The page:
news 07 Jul 17

Bosnian Constitutional Court Decisions Open Pandora's Box

Bosnia's Constitutional Court intervention over election laws could push the country into chaos and anarchy.

Srecko Latal
BIRN
Sarajevo
The Constitutional Court of Bosnia and Herzegovina.

The Bosnia Constitutional Court’s most recent set of decisions could lead to a new and dangerous escalation of the current political crisis, opening a “pandora’s box”, local and international officials told BIRN.

The court, at its latest panel session Thursday, made several decisions on key issues which will likely have a major impact on the country, sources said.

Among these issues, the most important is related to an appeal filed by Bosnian Croat politician Bozo Ljubic, submitted in September 2016, complaining that the electoral mechanism to establish the House of Peoples in the Federation of Bosnia and Herzegovina violates the constitution.

The Constitutional Court partially accepted this appeal in December 2016 and gave Bosnia's state parliament six months to fix problematic parts of the election law. Parliament – which has been left without majority support since late last year – failed to amend the law, so the court decided to remove problematic parts of the law itself.

In doing so, the court removed the legal basis for establishing the House of Peoples in the Federation. Without it, governments cannot be formed on either a federal or state level, a Bosnian government official told BIRN, speaking on condition of anonymity.

The Bosnian state parliament now has until October next year to amend the election law. This is when next general elections are scheduled. If this does not happen, after the elections Bosnia will be left without both state and federal governments, which could then lead to chaos, anarchy and possible disintegration, the official said.

A similar legal situation occurred in the southern town of Mostar in 2012. The state parliament failed to amend parts of the electoral law that were found to be unconstitutional, so the constitutional court erased them.

As a result, Mostar has not since held local elections and has been ruled by its mayor, Ljubo Beslic, via a technical mandate. Such a situation could not save the state and federation, which need both executive and legislative institutions to function properly, officials told BIRN.

US and EU administrations are aware of this situation and are pondering their next steps, Western diplomats told BIRN.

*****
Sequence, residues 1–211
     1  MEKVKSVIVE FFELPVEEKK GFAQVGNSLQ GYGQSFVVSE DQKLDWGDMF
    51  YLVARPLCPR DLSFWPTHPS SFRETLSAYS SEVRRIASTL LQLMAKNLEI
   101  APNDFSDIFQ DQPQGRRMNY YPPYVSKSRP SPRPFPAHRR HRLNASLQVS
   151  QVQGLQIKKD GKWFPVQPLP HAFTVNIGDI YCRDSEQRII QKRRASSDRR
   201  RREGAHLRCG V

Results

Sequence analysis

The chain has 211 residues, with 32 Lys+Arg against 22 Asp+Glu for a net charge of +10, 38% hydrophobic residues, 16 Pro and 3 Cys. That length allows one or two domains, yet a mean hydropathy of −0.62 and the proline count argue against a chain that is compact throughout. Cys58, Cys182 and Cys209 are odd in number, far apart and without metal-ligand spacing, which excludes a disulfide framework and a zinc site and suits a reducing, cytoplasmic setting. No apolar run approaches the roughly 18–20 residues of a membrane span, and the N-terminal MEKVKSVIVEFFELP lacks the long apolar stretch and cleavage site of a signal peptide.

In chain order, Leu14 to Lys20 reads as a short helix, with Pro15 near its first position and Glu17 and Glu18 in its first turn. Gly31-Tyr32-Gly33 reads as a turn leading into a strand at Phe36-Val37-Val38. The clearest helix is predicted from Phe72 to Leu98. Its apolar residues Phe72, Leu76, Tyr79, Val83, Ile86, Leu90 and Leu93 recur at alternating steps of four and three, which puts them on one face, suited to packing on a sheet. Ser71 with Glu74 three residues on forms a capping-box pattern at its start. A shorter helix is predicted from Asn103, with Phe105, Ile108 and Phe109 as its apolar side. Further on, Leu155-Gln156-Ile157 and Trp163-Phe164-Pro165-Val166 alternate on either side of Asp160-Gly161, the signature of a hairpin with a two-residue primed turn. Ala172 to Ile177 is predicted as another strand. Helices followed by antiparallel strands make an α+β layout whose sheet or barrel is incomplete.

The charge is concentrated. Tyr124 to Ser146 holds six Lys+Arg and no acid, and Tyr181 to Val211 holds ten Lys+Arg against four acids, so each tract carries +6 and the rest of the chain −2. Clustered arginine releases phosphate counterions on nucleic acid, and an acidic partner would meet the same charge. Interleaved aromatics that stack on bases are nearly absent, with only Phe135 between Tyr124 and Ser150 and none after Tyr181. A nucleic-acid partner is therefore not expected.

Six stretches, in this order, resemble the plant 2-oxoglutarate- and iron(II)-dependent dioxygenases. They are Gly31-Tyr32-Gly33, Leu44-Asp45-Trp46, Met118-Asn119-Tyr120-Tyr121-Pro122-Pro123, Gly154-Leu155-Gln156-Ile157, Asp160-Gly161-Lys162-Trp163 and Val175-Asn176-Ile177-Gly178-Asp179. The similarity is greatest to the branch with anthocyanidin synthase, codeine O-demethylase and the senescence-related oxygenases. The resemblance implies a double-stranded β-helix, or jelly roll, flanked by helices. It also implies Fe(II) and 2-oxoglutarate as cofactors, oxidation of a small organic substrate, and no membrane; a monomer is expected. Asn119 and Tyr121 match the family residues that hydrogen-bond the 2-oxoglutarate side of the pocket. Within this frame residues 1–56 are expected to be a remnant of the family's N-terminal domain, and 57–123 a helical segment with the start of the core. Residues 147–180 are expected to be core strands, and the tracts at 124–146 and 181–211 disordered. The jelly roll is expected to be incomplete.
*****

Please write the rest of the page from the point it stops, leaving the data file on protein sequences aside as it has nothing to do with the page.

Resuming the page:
The same day, the constitutional court made several other controversial decisions. It rejected an appeal filed by Bosnian Serb politicians from the National Assembly of Bosnia's Serb-dominated entity of Republika Srpska.

They claimed that Bosnia's state holidays – March 1 (Independence Day) and November 25 (Statehood Day) violated the constitution because they are not recognized as state holidays by Republika Srpska.

This decision triggered a strong reaction from Republika Srpska president Milorad Dodik, who in the past made no secret of the fact that that this appeal was the tit-for-tat move after the constitutional court in November 2015 declared Republika Srpska Day on January 9 unconstitutional due to the fact that the same day was also an Orthodox religious holiday, St. Stephen's day.

Speaking from eastern Bosnian town of Zvornik on Thursday, Dodik declared this latest decision of the state constitutional court further proof that the court is a political court controlled by Bosniaks, passing decisions against Serb and Croat national interests.

Dodik also stressed that two Serb representatives should withdraw from the court.

Local and international officials and experts told BIRN they feared that Dodik will use this decision to attempt another push to abolish the state constitutional court, which he has been trying to do for the past several years.

The state constitutional court also ruled that a Croat Democratic Union, HDZ, proposal to reform an election law for the state presidency, the House of Peoples in the Federation and Mostar city council, was not violating vital national interests of Bosniaks, as a group of Bosniak politicians had claimed.

The draft law, criticized by EU and US officials and local experts as being ethnically even more divisive then the current law, will now be able to be put back on parliament’s agenda, where it will likely trigger new disputes especially between Bosniak and Croat ruling national parties.

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